Remember that this whole thread started with Kyrel's statement that the "vast majority" (which would be a lot more than a simple majority) of American Muslims are guilty of actions that should get them arrested, jailed, executed, or deported. I think this expresses a wrongful, destructive attitude which has continued to influence this thread, and that is what I am primarily arguing against.
I am also arguing that, whatever may be going on with Islam in more backward parts of the world, the vast majority of American Muslims are much the same as the vast majority of American Christians, and that if one goes looking for reasons to condemn a religion, there is not that much difference between Islam and Christianity.
There are a lot more Christians than Nazis in the United States, and it is much more reasonable to view a person with suspicion for self-identifying as a Nazi than to view them with suspicion for self-identifying as a Muslim or Christian.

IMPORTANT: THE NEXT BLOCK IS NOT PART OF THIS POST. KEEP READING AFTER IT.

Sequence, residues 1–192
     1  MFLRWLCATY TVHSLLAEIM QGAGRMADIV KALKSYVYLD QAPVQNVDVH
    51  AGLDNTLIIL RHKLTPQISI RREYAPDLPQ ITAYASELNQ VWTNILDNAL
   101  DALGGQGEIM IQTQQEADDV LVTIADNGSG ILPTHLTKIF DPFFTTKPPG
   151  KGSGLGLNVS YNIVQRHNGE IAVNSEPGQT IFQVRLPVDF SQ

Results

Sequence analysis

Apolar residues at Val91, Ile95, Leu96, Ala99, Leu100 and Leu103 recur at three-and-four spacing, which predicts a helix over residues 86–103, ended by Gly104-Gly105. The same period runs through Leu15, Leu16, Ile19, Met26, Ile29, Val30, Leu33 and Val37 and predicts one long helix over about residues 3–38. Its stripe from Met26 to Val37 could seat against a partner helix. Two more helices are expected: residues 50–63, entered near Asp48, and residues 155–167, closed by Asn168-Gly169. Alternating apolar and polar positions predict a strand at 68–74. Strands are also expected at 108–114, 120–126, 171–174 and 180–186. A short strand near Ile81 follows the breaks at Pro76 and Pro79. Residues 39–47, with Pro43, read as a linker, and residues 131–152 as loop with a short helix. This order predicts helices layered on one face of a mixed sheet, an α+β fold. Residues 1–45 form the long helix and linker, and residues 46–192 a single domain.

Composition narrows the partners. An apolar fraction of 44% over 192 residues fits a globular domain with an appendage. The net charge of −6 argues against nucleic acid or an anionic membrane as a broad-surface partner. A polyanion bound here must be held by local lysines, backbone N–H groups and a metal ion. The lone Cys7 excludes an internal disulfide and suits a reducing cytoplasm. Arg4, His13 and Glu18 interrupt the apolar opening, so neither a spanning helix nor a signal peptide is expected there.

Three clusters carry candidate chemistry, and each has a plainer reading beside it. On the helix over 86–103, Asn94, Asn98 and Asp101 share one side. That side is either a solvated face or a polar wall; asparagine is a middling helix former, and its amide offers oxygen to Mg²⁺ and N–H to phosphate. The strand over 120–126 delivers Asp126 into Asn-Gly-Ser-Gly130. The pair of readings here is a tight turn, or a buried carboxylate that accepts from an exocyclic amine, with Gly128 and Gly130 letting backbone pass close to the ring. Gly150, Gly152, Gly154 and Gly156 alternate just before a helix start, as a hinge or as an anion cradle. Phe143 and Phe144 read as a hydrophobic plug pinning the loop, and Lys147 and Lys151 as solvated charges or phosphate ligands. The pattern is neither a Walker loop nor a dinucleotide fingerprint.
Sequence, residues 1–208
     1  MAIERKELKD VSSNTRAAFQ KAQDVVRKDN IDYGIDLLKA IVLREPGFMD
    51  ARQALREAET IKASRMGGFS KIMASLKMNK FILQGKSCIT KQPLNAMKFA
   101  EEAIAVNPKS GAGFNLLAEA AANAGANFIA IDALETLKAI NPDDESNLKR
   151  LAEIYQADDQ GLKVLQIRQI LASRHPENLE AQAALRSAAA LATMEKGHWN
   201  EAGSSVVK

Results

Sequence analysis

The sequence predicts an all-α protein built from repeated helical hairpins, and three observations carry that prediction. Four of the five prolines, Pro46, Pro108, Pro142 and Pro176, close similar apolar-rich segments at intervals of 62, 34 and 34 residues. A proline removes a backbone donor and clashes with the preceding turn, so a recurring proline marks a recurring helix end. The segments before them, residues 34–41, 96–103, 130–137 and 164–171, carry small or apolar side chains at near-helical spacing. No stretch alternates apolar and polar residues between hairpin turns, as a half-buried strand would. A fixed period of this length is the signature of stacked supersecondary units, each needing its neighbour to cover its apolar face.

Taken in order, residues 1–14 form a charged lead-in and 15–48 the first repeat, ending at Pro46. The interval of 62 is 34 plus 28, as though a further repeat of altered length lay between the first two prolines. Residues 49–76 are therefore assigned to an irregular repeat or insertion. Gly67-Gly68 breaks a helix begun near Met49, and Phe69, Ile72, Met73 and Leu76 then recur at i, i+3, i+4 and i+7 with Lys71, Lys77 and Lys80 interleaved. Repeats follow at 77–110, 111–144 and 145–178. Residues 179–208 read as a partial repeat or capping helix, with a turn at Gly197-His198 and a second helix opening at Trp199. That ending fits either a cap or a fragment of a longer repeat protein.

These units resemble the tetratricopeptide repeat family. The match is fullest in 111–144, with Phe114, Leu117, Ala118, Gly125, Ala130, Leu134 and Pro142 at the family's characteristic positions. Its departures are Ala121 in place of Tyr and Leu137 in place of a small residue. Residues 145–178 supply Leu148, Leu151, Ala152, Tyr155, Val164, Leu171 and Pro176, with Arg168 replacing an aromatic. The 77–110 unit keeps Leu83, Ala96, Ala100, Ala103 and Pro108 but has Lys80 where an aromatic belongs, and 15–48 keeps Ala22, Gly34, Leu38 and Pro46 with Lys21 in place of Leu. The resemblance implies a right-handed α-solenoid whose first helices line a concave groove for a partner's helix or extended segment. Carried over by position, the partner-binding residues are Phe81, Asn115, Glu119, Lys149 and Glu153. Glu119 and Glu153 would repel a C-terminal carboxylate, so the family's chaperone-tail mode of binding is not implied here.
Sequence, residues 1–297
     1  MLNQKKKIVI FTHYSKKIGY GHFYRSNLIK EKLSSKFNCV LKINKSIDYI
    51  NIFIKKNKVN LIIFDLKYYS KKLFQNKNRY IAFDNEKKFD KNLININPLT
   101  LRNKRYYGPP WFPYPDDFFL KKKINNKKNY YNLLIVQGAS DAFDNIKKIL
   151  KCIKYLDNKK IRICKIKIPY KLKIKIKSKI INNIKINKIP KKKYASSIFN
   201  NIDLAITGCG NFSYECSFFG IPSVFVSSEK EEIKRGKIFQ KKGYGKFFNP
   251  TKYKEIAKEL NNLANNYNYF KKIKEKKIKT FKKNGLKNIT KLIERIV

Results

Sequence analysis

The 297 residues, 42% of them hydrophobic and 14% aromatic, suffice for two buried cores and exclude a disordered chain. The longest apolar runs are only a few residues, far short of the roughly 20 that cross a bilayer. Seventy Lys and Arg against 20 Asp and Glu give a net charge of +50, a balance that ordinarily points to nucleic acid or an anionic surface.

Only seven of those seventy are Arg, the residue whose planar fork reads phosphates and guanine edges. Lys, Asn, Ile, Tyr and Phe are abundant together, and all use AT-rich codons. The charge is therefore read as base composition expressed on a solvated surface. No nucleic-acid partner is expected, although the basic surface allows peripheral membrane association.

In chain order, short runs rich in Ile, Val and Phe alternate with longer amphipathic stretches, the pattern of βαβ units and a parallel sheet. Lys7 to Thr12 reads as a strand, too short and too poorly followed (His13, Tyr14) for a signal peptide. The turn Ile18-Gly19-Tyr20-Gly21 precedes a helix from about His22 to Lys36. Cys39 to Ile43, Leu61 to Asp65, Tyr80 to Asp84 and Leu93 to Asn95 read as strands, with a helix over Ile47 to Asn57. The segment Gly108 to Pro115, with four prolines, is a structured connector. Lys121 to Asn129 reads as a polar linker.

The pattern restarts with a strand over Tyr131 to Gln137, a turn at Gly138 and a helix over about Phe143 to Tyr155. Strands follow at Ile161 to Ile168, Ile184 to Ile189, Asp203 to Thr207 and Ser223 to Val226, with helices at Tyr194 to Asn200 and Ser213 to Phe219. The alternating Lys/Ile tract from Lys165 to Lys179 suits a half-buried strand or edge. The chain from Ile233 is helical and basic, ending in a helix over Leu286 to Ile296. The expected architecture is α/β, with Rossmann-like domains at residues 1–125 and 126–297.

Organizations like ISIS and Al-Qaeda are very serious problems that badly need to be dealt with, but our focus should be on those organizations, not on the whole religion.
There are two problems relevant to this discussion. On is the problem of ISIS and Al-Qaeda, which I agree is serious and spoke to just now. The other is the problem of general cultural and philosophical conditions in the world, which contribute to a lot of bad things happening. If we want to look for an arch villain in the latter, the best target is probably Immanuel Kant, who undercut reason and gave the altruist morality a new lease on life, thus strengthening religion and other misguided ideas and making possible a lot of bad things, including Naziism and the strength of religious fundamentalism. But our primary focus here should be on spreading good ideas, not attacking bad ones.